Published February 26, 2017 in Episode 67
The shortest month of the year was no less exciting than any other. Here's a roundup of some of the big headlines:
1. In the Kim Jong-nam assassination mystery, a Vietnamese woman emerges as prime suspect.
The half-brother of North Korean leader Kim Jong-un was seen poisoned on camera at the International Airport of Kuala Lumpur, Malaysia on February 13th.
The two women who rubbed banned chemical VX nerve agent on Kim Jong-nam’s face may be charged for murder. An Indonesian woman, Siti Aisyah, is being charged alongside Đoàn Thị Hương, a 28-year-old from rural Nghĩa Bình, Việt Nam. If convicted, they face a mandatory death sentence.
It is unclear why Hương was involved, but Malaysian authorities claim she was trained by North Korean assassins prior to the attack.
On the Facebook account she holds under the name “Ruby Ruby,” half of Hương’s friends have Korean names. Authorities also found a selfie of Hương wearing a shirt that reads “LOL” on the front, similar to the t-shirt seen in the footage.
2. Police violently attack hundreds marching to Hà Tĩnh province.
On February 14th, a group of around 700 fishermen and women were attacked while travelling from Nghệ An province to Hà Tĩnh province to submit legal complaints against Formosa Plastics due to the fish crisis. The group intended to submit hundreds of individual complaints demanding a total compensation of nearly 20 million US Dollars.
They had walked about 20 km on their way to Hà Tĩnh when they were met with police who attacked the men, women, and children.
Radio Free Asia reports that grenades and tear gas were used to intimidate the people. People captured the conflict on their phones, though police tried to stop them from recording.
Many were injured and hospitalized, according to Amnesty International.
3. Former political prisoner and human rights defender Đang Xuân Diệu testifies at the Geneva Summit.
On February 21st, Đặng Xuân Diệu, a Việt Tân member and human rights defender, spoke to an international audience at the Geneva Summit on Human Rights and Democracy. Diệu was released from prison and exiled to France last month after nearly 6 years in prison.
Diệu spoke to Loa about the emotions he experienced at the summit..
"Having just gotten out of prison, my body and spirit were okay, but I have to say my body was affected in some way standing in the huge space of the Geneva Summit. It was so official, and the speakers before me were truly impressive. I felt empowered and that the fire inside me had been shining very bright so that I could speak out. In the end, I felt a sense of contentment.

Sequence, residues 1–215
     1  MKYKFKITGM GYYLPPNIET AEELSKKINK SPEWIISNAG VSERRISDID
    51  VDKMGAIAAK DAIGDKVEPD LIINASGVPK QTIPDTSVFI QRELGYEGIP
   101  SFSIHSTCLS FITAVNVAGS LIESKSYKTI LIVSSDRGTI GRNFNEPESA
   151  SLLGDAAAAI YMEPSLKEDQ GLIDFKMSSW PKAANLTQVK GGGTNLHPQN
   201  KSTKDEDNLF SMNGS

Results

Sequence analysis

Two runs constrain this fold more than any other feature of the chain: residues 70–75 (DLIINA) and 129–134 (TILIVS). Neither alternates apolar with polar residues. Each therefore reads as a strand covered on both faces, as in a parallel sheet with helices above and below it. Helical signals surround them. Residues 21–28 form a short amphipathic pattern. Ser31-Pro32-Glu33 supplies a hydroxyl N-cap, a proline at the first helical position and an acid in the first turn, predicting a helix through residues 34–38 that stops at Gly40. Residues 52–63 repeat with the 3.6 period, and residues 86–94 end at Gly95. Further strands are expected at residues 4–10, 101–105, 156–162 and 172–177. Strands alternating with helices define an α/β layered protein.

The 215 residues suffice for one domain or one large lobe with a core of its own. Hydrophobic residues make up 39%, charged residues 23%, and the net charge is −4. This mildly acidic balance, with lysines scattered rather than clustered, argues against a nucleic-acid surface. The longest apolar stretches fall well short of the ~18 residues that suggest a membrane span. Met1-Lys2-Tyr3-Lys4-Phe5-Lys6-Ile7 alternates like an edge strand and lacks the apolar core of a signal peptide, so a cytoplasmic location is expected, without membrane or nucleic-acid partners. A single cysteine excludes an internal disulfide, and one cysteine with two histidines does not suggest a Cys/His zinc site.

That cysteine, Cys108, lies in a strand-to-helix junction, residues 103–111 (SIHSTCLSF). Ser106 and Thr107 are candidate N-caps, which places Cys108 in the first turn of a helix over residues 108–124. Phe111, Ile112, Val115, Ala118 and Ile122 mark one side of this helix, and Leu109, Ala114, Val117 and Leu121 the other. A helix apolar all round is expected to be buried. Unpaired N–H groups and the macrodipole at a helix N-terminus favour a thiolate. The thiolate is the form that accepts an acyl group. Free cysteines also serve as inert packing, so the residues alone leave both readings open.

The amount of time I was given to speak was not very long, whereas there are so many issues in Việt Nam that need to be raised. One summit alone cannot cover the breadth of these issues, and especially in one speech, one will never be able to speak of it all."
Now living in Paris, Diệu may speak out freely about the violations of human rights in Việt Nam.
4. Dozens detained for commemorating the anniversary of the Việt Nam-China Border War.
On February 17, people gathered across Việt Nam to commemorate those who lost their lives in the Việt Nam-China border war.
In Sài Gòn, security police took 10 people into custody for trying to participate in a commemoration. The security forces had blocked off the entrance to the statue of Vietnamese military commander Trần Hưng Đạo, where people were expected to gather.
In Hà Nội, over a hundred people showed up to participate at an event by the statue of Emperor Lý Thái Tỗ. Security police stood by as people lit incense and offered flowers. After the ceremony, police began to arrest participants. Unofficial demonstrations are highly restricted in Việt Nam.
Little is known about the 1979 Việt Nam-China border war, when thousands of Chinese soldiers and Vietnamese civilians were killed.
5. Two executives of Vinashinlines company receive death sentence in a corruption scandal
Giang Kim Đạt and Trần Văn Liêm of the state-run shipping company, Vinashinlines, were sentenced to death for embezzlement on February 22nd. The two executives pocketed over 260 billion Vietnamese Đồng, about 11.3 million US Dollars.
According to AFP, before toppling under debt, Vinashin had expanded into real estate and electricity and was seen as a model state-owned enterprise to lead Vietnam on a global stage.
The scandal further fueled public outrage and investor fears over rampant corruption among the state-run sector.